US inventory data express the inadequacy of fuel demand in the world’s largest oil consumer. On top of it, oil prices dropped on Friday driven by tensions in the global financial markets sourced by US-China.
Brent crude slipped 43 cents, or 1.2%, to $34.86 a barrel by 0643 GMT and West Texas Intermediate (WTI) crude was at $33.14 a barrel, down 57 cents, or 1.7%.
Analysts said both contracts have turned to the biggest monthly gains of years due to production cuts and optimism for demand recovery from Chinese-backed prices.
WTI increased 76% in May, achieving the biggest monthly earnings per month, while Brent achieved 38%, the strongest monthly increase since March 1999.
Data from Thursday showed that US crude oil and distilled stocks rose sharply last week. Analysts said the demand for fuel is sluggish despite several states have lifted their travel restrictions applied to prevent coronavirus pandemics.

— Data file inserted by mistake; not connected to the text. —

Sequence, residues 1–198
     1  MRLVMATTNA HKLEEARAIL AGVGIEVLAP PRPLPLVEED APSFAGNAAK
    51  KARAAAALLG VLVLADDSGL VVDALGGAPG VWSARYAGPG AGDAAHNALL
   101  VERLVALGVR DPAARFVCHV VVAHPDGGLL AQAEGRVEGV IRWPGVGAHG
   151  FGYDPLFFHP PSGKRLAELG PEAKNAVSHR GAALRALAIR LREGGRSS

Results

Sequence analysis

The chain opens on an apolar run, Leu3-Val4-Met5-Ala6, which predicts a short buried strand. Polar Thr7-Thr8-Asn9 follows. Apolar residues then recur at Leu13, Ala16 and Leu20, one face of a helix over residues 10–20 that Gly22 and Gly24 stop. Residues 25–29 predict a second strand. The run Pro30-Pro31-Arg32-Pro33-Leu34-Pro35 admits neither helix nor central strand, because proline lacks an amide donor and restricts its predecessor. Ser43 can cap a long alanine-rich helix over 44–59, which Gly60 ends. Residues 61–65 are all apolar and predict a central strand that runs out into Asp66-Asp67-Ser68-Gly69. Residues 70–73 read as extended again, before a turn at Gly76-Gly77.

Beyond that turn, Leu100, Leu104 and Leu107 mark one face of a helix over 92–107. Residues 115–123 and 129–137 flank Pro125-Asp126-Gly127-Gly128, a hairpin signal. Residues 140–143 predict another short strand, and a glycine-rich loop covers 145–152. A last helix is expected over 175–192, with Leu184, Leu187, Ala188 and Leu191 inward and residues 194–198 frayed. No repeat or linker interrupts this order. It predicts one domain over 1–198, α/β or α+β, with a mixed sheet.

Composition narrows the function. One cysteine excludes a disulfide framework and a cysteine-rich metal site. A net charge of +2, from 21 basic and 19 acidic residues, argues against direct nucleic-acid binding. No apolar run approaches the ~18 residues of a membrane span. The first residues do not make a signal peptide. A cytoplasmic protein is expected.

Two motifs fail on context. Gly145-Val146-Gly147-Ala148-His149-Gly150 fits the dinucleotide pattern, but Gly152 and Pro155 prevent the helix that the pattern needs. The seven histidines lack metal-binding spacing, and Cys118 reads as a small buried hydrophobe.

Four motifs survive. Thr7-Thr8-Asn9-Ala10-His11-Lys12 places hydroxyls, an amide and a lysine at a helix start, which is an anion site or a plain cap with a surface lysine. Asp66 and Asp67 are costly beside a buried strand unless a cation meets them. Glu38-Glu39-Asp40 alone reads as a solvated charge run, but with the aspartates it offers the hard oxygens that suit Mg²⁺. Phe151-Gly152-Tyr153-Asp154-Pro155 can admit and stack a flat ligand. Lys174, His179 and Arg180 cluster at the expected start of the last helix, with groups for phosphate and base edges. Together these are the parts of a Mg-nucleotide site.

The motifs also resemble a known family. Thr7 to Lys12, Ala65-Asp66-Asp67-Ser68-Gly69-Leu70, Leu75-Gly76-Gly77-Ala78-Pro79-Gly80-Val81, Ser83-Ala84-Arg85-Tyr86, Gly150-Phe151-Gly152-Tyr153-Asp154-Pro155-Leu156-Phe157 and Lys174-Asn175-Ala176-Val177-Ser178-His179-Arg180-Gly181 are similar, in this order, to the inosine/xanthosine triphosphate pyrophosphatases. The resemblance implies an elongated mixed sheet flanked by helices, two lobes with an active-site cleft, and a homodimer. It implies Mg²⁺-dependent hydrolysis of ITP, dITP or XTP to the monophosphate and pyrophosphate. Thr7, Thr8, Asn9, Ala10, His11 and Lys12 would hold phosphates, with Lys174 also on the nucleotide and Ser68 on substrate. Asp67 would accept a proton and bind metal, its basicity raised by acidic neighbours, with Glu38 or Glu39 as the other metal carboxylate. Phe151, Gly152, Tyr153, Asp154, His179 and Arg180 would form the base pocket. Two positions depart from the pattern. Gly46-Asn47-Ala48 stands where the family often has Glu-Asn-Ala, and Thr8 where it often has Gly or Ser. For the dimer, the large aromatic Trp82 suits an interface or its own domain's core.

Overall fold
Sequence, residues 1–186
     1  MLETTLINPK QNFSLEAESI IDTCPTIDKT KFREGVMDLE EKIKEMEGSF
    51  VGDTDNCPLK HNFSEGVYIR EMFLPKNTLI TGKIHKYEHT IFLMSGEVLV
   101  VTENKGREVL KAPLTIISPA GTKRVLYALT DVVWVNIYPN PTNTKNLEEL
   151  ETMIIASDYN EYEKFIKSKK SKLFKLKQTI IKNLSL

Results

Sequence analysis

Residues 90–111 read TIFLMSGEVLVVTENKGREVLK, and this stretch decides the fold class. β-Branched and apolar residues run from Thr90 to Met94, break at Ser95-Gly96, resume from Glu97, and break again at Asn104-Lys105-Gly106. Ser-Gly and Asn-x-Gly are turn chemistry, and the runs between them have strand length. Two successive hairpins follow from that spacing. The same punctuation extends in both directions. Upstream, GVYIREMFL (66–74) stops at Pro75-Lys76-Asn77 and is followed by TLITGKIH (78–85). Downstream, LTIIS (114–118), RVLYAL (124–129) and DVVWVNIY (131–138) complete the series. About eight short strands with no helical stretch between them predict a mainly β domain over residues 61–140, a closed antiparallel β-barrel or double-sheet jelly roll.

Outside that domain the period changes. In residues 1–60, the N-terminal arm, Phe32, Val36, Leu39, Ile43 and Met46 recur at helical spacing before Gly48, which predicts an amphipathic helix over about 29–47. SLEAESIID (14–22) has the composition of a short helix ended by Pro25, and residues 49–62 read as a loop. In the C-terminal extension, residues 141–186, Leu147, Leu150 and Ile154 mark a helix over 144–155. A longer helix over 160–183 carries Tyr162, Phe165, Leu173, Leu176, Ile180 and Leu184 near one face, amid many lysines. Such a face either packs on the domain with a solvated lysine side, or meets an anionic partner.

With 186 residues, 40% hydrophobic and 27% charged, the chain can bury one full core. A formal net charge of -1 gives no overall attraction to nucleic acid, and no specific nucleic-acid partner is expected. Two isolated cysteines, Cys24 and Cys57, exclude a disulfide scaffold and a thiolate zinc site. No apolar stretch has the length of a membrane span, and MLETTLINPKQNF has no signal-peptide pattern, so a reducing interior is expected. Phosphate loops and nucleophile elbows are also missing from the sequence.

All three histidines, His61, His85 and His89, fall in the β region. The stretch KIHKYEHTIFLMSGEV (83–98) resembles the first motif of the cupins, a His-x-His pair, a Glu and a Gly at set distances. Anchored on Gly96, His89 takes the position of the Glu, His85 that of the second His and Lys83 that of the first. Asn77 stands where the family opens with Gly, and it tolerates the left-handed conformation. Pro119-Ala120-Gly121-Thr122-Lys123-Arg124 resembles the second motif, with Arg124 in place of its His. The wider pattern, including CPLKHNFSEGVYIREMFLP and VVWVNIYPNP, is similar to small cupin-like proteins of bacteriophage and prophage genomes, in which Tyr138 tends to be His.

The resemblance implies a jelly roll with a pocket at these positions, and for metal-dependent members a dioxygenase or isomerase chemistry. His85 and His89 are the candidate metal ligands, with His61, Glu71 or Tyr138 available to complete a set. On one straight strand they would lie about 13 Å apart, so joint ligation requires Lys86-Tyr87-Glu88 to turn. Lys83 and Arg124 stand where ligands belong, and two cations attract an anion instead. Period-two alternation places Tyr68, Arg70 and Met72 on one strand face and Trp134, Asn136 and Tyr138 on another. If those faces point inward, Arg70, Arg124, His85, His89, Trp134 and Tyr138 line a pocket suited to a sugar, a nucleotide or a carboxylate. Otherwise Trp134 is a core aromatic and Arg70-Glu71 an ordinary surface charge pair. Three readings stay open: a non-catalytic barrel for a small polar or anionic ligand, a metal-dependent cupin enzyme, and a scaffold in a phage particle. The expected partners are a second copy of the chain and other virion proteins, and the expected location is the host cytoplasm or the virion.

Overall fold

Producers and traders will focus on updating discussions on output cuts between allies known as OPEC +, including the Organization of Petroleum Exporting Countries (OPEC) and Russia in the second week of June.
Saudi Arabia and some OPEC members are considering maintaining a record production cut of 9.7 million barrels per day during June, but are not yet sure about Russia.